1. We had a clear plan from the start.
  2. The Dewalt cordless nail gun

This easily shaved of an entire week off the build which would have been spent hammering and recuperating from sore forearms.

If I could recommend one tool to make your life a lot easier this would be it hands down!

DeWalt 20V Max XR Brushless Dual Speed Nailer


In the background is our Lifetime Plastic tool storage box. We use it today to store our firewood!

Wall bracing is required while we frame to not only keep the wall up and steady with just two people but it allows us to finely plumb and square the wall before nailing it down.


Putting up temporary wall bracing.

Wall bracing is required to not only keep the wall up while framing the second wall but it allows you to finely plumb and square the wall before nailing it down.



Another must have in order to build this cabin in such short order was this DeWalt double bevel sliding compound miter saw.

It was fast to cut through even the largest of our lumber, was quiet, ran off our Champion 3250 Watt generator and ensured every cut was perfectly square.


Framing half of the rear wall. You can see our access road in the background.


TIP: Always ensure that the wall are both square and plum using a large framing square in the corners as well as a long (preferably 4′) level.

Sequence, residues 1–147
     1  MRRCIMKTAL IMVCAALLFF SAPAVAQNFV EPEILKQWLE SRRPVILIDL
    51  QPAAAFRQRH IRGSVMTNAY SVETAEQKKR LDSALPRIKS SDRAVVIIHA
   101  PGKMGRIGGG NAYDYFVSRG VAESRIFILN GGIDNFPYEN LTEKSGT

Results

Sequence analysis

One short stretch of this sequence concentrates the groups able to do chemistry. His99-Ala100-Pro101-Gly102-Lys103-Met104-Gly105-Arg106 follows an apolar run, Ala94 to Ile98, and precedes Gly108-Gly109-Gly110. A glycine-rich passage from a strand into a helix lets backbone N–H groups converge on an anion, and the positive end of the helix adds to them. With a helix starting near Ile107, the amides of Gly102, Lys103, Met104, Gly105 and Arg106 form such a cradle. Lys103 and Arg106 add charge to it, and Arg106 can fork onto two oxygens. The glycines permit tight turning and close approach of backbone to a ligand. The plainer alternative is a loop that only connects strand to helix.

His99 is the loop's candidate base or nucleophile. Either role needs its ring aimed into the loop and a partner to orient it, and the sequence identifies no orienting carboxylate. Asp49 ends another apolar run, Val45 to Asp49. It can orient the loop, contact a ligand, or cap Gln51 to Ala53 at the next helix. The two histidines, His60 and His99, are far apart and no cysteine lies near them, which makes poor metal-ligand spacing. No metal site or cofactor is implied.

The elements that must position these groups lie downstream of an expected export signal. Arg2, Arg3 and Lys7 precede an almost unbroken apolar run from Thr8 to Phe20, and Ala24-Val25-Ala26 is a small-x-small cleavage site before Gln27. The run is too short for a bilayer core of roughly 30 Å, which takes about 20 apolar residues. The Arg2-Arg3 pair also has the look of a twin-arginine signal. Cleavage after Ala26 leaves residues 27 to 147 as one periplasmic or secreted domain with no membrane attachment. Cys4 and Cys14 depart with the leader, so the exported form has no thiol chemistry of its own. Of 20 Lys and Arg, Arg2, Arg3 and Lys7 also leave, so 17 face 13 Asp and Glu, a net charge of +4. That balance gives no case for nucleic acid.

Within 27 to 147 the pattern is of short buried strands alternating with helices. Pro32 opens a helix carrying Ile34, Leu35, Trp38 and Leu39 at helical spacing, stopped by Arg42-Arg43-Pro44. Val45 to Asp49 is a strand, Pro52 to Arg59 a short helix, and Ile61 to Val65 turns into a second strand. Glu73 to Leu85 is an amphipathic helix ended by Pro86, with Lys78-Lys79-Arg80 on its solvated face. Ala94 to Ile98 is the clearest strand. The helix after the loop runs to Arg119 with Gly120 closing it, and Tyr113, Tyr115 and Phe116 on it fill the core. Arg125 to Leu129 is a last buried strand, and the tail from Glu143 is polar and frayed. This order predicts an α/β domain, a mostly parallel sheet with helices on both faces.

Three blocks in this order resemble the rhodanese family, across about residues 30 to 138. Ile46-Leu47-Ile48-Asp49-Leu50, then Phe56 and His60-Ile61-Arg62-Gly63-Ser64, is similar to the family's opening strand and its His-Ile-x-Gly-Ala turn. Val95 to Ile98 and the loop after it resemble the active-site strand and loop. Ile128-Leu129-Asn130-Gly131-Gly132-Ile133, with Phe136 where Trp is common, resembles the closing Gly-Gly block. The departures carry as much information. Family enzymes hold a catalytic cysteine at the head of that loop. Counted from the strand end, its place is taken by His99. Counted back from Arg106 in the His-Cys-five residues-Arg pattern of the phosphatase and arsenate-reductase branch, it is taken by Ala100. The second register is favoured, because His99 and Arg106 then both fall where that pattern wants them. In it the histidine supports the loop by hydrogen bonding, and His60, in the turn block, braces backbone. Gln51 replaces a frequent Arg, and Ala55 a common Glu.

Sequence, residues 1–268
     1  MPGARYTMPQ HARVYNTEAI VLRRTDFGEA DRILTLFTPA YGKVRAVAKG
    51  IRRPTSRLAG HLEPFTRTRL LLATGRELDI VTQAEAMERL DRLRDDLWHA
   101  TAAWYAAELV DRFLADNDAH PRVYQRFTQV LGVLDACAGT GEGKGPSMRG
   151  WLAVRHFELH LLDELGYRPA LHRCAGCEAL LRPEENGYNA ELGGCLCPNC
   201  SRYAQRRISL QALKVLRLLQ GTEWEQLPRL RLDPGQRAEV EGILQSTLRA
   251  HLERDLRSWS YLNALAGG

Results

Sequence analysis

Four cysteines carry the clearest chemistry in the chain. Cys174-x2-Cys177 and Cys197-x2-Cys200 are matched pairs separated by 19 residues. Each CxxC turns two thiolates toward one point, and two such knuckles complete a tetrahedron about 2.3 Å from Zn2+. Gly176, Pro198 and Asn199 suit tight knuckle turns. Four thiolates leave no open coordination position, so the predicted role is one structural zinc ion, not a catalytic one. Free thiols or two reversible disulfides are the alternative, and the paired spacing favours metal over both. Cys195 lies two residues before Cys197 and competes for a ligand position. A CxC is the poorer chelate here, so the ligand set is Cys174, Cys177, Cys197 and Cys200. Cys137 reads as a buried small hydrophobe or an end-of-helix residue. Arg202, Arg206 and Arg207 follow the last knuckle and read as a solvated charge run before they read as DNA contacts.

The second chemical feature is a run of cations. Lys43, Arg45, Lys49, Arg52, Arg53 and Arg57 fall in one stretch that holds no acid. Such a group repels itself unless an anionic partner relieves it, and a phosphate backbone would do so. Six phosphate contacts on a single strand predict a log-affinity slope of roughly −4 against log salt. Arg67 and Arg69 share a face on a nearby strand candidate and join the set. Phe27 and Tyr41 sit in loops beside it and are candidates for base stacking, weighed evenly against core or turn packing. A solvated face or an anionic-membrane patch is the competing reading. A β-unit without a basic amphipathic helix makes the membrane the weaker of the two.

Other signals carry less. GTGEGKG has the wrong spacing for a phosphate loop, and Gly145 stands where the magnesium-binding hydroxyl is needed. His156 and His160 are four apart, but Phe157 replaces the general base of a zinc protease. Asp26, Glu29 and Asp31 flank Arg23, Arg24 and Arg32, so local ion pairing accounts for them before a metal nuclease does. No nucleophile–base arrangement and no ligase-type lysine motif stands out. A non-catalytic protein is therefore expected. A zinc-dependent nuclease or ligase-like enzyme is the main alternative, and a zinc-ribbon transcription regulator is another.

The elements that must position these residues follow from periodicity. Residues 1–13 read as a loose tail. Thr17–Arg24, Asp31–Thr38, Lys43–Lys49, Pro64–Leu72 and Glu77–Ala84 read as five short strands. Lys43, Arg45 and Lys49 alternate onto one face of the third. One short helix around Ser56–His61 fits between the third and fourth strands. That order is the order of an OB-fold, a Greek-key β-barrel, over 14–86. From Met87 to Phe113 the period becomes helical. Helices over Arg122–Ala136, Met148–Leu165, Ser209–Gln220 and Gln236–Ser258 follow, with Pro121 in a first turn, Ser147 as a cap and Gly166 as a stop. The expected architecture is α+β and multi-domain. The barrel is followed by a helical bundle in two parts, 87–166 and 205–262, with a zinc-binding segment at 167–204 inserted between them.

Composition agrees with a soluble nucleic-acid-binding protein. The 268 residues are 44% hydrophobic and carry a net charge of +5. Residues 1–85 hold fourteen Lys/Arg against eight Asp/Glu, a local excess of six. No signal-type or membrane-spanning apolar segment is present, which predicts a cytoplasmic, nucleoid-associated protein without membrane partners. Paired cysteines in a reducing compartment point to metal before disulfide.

The back wall will be 20’ long in total but we built in two sections for ease of lifting.



Half of the front wall with the door opening and kitchen window header.

We built the front wall (20’) in two 10′ sections as well for ease of lifting.




The front wall framing will have an opening for a kitchen window, the front door, and two living room windows. We went with two living room windows for a few reasons. On, it was MUCH cheaper to buy two windows than one large one. Both windows still allow the same amount of light in and provide just as good a view than one large one. Second, we wanted to be able to open the front windows (especially near the wood stove) and Home Depot didn’t have a window large enough that slides open.

We’ll give you all the window and door sizes, as well as a full cost write up in a future post once we have them all installed.

With the end wall and two half walls up that was it for day one of framing and day six over all.


Tomorrow we’ll finish up the back wall, put up some more plywood sheathing to continue closing in the cabin and also get a head start on the upper floor joists. Remember the living room (the walls that aren’t framed yet) will have a cathedral ceiling above so there sill be no floor joist above them. It’s a busy day for sure!

We hope you’ve enjoyed the build so far and look forward to having you back again real soon for days 2 and 3 of framing the off grid cabin.

Ready To Check Out Tomorrows Build?

Framing The Cabin Walls In 3 Days (Day 2)

To get caught up on the entire build you can head here to our building section and join us right on day #1.

OK Your turn…

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Framing the off grid cabin in 3 days day 1